Monday, February 20, 2006
Revelation Versus Discovery
How would you define "general revelation?" Wouldn't you think that it is revelation that is general in its content? Sounds like that could be correct. Wrong. So what is it general in? General in its audience. That's right. But replacing the word "audience" with "content" has opened up a whole new realm of employment, spawned hundreds of new books of psychology, and also fooled a great many with the perversion of truth. This is a major issue that has, in many ways, flown under the radar. Let me tell you what's the problem.
Revelation by nature is undiscoverable. When I say that to someone, he often says, "Huh?" Think about it. Revelation must be revealed. If it must be revealed, we can't discover it. If we discovered it, it wasn't revelation. Revelation is unveiled by God, uncovered by Him alone. God alone pulls away the covering. That doesn't mean that everyone understands or thinks about what God has revealed. However, everyone can and should. What God wants man to know, man doesn't know, not because God hasn't given the opportunity, but because man has rejected it. This is the essence of Romans 1:18-27. Verses nineteen and twenty synthesize it well: "That which may be known of God is manifest in them; for God hath shewed it unto them. For the invisible things of him from the creation of the world are clearly seen, being understood by the things that are made, even his eternal power and Godhead; so that they are without excuse." The "they" is everyone. Every person is a "thing that is made." Every single person has had revealed to him what God wants him to know. Some grab hold of this knowledge; others don't. When someone doesn't, it's because he exalted his knowledge above God's, becoming vain in his imagination.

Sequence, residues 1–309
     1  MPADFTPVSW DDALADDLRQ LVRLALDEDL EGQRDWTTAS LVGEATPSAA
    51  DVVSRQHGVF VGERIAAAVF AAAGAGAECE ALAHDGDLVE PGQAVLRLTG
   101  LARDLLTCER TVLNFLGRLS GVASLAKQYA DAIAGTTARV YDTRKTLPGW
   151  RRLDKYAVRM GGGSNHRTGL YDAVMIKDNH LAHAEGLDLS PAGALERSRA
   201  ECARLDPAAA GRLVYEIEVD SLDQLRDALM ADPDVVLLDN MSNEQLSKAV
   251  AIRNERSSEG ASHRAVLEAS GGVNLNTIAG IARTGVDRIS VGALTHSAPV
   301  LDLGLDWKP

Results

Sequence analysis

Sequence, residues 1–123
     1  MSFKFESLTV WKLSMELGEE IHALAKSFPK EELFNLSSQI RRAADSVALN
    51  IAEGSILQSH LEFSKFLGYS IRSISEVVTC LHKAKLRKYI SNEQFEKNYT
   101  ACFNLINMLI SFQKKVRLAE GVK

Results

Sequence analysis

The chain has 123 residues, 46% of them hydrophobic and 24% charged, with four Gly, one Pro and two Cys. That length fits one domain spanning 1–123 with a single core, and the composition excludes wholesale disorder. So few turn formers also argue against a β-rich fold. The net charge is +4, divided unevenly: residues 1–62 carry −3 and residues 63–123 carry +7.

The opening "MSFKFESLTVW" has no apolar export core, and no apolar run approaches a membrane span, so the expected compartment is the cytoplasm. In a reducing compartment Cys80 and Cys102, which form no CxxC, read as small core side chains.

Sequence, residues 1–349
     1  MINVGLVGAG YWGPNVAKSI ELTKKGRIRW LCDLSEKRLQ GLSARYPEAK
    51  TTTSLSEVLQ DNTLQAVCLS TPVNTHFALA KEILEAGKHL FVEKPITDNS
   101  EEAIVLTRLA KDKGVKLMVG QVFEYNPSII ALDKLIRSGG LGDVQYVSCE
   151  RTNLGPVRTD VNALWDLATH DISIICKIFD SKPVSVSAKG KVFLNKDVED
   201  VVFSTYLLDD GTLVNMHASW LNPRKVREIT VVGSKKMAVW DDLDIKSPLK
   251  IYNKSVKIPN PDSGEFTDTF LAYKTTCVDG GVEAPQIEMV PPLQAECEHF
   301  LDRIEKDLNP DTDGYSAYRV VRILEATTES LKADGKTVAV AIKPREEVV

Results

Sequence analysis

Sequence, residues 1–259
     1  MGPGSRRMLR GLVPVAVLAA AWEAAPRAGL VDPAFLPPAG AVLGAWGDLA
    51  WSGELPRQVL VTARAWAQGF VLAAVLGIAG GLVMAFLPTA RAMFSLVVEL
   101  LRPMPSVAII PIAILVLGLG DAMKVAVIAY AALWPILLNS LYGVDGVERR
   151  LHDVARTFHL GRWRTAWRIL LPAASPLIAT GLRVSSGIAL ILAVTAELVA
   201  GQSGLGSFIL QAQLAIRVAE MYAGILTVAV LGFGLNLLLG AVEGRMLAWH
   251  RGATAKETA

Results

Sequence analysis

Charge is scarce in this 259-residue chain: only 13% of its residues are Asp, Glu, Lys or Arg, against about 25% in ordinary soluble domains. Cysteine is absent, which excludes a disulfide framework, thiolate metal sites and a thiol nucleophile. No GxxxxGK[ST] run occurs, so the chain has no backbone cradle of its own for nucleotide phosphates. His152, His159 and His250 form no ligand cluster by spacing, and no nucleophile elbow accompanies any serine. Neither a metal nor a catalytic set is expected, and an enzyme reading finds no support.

So what's the big deal about changing "audience" into "content?" Men have attacked general revelation by altering it into anything that man discovers. If a "behavioral psychologist" watches repeatedly the conditioned responses of humans or animals, he can say that the knowledge he gained through discovery was general revelation. It isn't. It is discovery. It might be valuable information gained through discovery, but it isn't something that God has revealed. Now a whole new branch of psychology, Christian psychology, exists based upon the simple twisting of this one definition. These Christian psychologists or psychiatrists offer their mix of opinion or discovery on par with the Bible, justifying it by calling it general revelation. If people don't know the difference, they might just accept this as true. Many have. People often are looking for help and with a bunch of letters after his name, the Christian psychiatrist looks like he might be the place. Sometimes you'll hear someone say, "All truth is God's truth." That's, well, not true. God's truth is revealed by Him. Something someone observes in a laboratory can't rise to the level of what God said. Since we are sanctified by truth (Jn. 17:17), and sanctification is God's purpose for our being here (Rom. 8:28, 29), you can see what harmful results come from confusion on this definition. At best, all discovery and human observation must be submitted to biblical criteria to test their truthfulness. By doing so we keep all discovery in its proper place, secondary to and subservient to everything that God has revealed.